St. Emygdius Of Ancona

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St. Emygdius Of Ancona

Bishop of Ascoli Piceno, Italy; martyred at Ancona, c. 279 – c. 309 AD. Emygdius was a barbarian from Trier and was converted to the Faith there. At an early age he went to Rome and undertook a vigorous missionary activity under Pope Marcellus I. After he provoked popular indignation by his desecration of a statue of the pagan god Aesculapius, Marcellus consecrated him a bishop and sent him to evangelize the region of Ascoli Piceno.

His missionary work was successful. During the persecution of Diocletian, he was beheaded at Ancona with his three companions, SS. Eupolus, Germanus, and Valentinus. The devotion of this saintly bishop spread through Italy, where he is considered an effective protector against earthquakes.

St. Romanus

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St. Romanus, Martyr

HE was a soldier in Rome at the time of the martyrdom of St. Laurence. Seeing the joy and constancy with which that holy martyr suffered his torments, he was moved to embrace the faith, and addressing himself to St. Laurence, was instructed and baptized by him in prison. Confessing aloud what he had done, he was arraigned, condemned, and beheaded, the day before the martyrdom of St. Laurence. Thus he arrived at his crown before his guide and master. The body of St. Romanus was first buried on the road to Tibur, but his remains were translated to Lucca, where they are kept under the high altar of a beautiful church which bears his name. St. Romanus is mentioned on this day in the Antiphonary of St. Gregory, and in ancient Martyrologies. 1
The example of the martyrs and other primitive saints, by the powerful grace of God, had not less force in converting infidels than the most evident miracles. St. Justin observed to the heathens, that many of them by living among Christians, and seeing their virtue, if they did not embrace the faith, at least were worked into a change of manners, were become meek and affable, from being overbearing, violent, and passionate; and by seeing the patience, constancy, and contempt of the world which the Christians practised, had learned themselves some degree of those virtues. 1 Thus are we bound to glorify God by our lives, and Christ commands that our good works shine before men. St. Clement of Alexandria 2 tells us, that it was the usual saying of the apostle St. Matthias: “The faithful sins if his neighbour sins.” Such ought to be the zeal of every one to instruct and edify his neighbour by word and example. But woe to us on whose hearts no edifying examples or instructions, even of saints, make any impression! And still a more dreadful woe to us who by our lukewarmness and scandalous lives are to others an odour not of life, but of death, and draw the reproaches of infidels on our holy religion and its divine author! 2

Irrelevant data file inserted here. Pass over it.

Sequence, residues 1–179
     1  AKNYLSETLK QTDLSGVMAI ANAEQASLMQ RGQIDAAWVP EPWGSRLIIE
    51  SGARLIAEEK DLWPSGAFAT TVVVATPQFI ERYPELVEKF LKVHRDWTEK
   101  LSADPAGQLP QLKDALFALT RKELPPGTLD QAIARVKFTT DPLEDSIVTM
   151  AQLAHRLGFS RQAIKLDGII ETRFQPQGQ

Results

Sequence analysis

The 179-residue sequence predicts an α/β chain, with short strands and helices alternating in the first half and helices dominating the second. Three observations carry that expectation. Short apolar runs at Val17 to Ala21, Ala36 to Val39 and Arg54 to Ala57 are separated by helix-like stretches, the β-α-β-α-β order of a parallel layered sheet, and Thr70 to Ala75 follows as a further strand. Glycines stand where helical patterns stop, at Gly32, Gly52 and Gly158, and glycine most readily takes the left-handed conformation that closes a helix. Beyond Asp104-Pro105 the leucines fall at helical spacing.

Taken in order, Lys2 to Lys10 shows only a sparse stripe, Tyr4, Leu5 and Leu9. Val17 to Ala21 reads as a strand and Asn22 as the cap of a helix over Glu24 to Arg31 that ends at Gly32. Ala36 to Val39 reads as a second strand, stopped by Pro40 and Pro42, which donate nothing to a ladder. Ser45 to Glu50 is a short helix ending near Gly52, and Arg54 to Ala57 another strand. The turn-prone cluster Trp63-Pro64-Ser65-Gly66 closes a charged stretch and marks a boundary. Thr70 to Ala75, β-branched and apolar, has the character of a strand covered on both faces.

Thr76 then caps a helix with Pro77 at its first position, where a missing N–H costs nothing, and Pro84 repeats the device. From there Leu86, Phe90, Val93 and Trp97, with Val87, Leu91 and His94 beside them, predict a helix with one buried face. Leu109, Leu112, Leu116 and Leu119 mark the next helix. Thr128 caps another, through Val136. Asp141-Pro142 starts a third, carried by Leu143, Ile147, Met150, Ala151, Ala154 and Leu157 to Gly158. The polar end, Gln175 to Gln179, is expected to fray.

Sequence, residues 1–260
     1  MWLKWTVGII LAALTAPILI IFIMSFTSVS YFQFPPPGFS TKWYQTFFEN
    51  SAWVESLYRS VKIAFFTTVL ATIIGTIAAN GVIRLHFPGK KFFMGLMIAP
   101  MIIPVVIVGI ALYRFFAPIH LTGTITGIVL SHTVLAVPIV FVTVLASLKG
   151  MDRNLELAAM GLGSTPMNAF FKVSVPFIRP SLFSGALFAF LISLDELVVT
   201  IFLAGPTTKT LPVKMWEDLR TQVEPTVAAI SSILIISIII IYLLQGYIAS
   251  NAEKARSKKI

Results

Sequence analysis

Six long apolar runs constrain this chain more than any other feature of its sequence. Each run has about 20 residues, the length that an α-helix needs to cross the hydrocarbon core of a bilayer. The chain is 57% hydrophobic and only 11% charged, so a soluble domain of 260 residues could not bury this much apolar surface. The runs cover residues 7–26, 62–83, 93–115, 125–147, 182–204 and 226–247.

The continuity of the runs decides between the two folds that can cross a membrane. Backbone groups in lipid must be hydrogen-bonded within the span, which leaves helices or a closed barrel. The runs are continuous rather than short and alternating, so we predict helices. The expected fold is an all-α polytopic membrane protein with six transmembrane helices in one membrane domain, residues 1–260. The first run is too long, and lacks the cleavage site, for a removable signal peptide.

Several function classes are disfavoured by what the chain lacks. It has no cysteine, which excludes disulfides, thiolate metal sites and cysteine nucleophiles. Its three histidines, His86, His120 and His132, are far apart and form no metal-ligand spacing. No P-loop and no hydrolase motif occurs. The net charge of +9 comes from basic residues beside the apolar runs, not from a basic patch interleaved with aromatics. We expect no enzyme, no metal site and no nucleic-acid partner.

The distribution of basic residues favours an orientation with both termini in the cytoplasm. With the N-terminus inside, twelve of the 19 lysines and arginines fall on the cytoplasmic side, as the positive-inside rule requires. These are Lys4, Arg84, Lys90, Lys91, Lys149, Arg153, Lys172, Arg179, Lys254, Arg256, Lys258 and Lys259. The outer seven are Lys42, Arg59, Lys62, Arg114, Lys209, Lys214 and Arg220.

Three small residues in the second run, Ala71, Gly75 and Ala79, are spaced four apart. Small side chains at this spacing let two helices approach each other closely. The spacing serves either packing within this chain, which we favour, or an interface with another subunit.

Note 1. St. Justin. Apol. 1, (ol. 2,) p. 127. [back]
Note 2. Strom. l. 1, p. 748. [back]

Rev. Alban Butler (1711–73). Volume VIII: August.The Lives of the Saints. 1866. August 9.

St. Jean-Baptiste-Marie Vianney

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St. Jean-Baptiste-Marie Vianney

Curé of Ars, born at Dardilly, near Lyons, France, on 8 May, 1786; died at Ars, 4 August, 1859; son of Matthieu Vianney and Marie Beluze.